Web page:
Pittsburgh Penguins captain Sidney Crosby joined Mario Lemieux and Bernie Parent as the only other players in NHL history to win the Conn Smythe Trophy in back-to-back years. Crosby deserved it, posting eight goals and 27 points in 24 playoff games.
But he wasn’t the only member of the Penguins who played at an MVP level. Both goaltender Marc-Andre Fleury and Matt Murray were sensational this postseason. It’s likely no media member voted for either, though, because the two goaltenders split the workload.
At one point, there was some chatter about Fleury and Murray sharing the Conn Smythe, but that isn’t allowed under NHL rules. The League should consider changing that regulation, and here’s why:
Fleury Carrying the Penguins
The 32-year-old veteran took over for the injured Murray just before their first playoff game versus the Columbus Blue Jackets. Fleury was in top form, recording a .933 save percentage in the first round. He went on to play very well in three of the first four games against the Washington Capitals.
At that point, the Penguins nearly collapsed, but Fleury saved the day in Game 7 with a shutout. Washington outshot Pittsburgh in every game, and opponents outshot the Penguins in every contest but one through the first two rounds, yet Pittsburgh was back in the Eastern Conference Final in large part because of Fleury.
He went on to record another shutout before yielding the net to Murray after a poor performance against the Ottawa Senators. But at that point, Fleury was Pittsburgh’s top Conn Smythe choice. He finished the playoffs 9-6 with a .924 save percentage, 2.56 GAA and two shutouts.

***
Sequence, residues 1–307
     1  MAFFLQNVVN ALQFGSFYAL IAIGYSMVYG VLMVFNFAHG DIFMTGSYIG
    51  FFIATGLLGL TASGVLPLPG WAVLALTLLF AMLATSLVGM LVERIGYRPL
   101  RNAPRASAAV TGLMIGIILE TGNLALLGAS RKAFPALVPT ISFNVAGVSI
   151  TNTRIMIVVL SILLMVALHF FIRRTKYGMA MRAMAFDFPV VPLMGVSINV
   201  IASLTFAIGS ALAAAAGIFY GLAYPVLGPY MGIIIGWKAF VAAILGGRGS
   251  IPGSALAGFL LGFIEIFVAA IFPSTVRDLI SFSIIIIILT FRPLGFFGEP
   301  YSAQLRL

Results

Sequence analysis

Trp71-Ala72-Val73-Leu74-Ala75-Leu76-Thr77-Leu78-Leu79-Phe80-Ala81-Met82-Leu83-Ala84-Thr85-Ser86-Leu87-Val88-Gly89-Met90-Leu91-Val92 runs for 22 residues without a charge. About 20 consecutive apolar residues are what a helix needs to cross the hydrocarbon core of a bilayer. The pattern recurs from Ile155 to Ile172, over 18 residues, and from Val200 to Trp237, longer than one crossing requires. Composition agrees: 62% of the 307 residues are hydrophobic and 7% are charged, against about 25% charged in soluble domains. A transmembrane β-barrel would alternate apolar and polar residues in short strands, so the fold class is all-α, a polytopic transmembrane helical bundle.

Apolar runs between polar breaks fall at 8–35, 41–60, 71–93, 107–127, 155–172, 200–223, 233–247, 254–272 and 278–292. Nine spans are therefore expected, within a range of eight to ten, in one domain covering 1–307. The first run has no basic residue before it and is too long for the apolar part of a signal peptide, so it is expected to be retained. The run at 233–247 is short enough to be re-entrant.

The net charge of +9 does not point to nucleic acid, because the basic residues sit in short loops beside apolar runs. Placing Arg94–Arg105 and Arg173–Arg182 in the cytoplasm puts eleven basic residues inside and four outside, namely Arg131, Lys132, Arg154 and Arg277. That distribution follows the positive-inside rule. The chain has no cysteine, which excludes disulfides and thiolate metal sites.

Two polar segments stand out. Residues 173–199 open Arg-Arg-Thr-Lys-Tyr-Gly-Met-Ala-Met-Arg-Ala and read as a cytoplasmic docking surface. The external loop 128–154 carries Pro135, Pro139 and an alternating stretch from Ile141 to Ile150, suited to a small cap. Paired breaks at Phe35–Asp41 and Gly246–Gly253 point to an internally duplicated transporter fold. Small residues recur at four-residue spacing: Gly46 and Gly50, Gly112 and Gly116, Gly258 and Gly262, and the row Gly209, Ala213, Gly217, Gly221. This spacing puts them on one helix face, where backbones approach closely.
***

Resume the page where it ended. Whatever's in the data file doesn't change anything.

Murray Posts Three Shutouts
Once coach Mike Sullivan announced Murray as the starter for Game 4 of the Eastern Conference Final, it was hard to imagine him performing even better than Fleury. But he arguably did.
Murray entered Game 3 against the Senators and went on to register a .946 save percentage in his next five games. The 23-year-old won five of his first six starts until he ran into the raucous crowd in Nashville.
But to end the Stanley Cup Final, Murray posted back-to-back shutouts, giving him three in 10 postseason starts this spring. He stopped the final 64 shots he faced in the series.
The three shutouts helped Murray finish the playoffs with ridiculous numbers including a 7-3 record, .937 save percentage and 1.70 GAA. But no one considered him for MVP because he missed the first 14 games.
Lost in the excitement, Matt Murray played perhaps his best game ever. Murray may have stolen that game. He was brilliant
— Dan Kingerski (@Budmoonshine) June 12, 2017
Sharing the Conn Smythe
Two players have never shared the Conn Smythe award, so it would have been unprecedented to vote for both goaltenders together. Actually, it’s not even permitted. Originally, Dave Molinari of the Pittsburgh Post-Gazette reported two players that play the same position cannot share the Conn Smythe. He clarified those remarks.
Clarifying an earlier tweet: Players from the same on-ice position can share the Conn Smythe, but two players can’t share same ballot space.
— Dave Molinari (@MolinariPG) June 6, 2017
So the only way two players can share the award is if they finish with the same amount of votes. While sharing the trophy shouldn’t become the new normal, goaltending is what drove Pittsburgh to its second straight championship. Together, the Penguins’ two netminders were 16-9 with a .929 save percentage and 2.19 GAA. As great as Crosby was, it’s why Pittsburgh won the Cup.
It makes sense media members can’t vote for Crosby and Malkin together because then seemingly every Conn Smythe could be split. Goaltending is different, though, as they aren’t playing together. Whether it’s by choice or because of injury, if two netminders share the net in the postseason and goaltending is the reason that team wins the Cup, why not be allowed to vote for both?
No disrespect to Crosby, as he was exceptional. But the most fitting choice for the Conn Smythe would have been to share it for the first time in history between Fleury and Murray.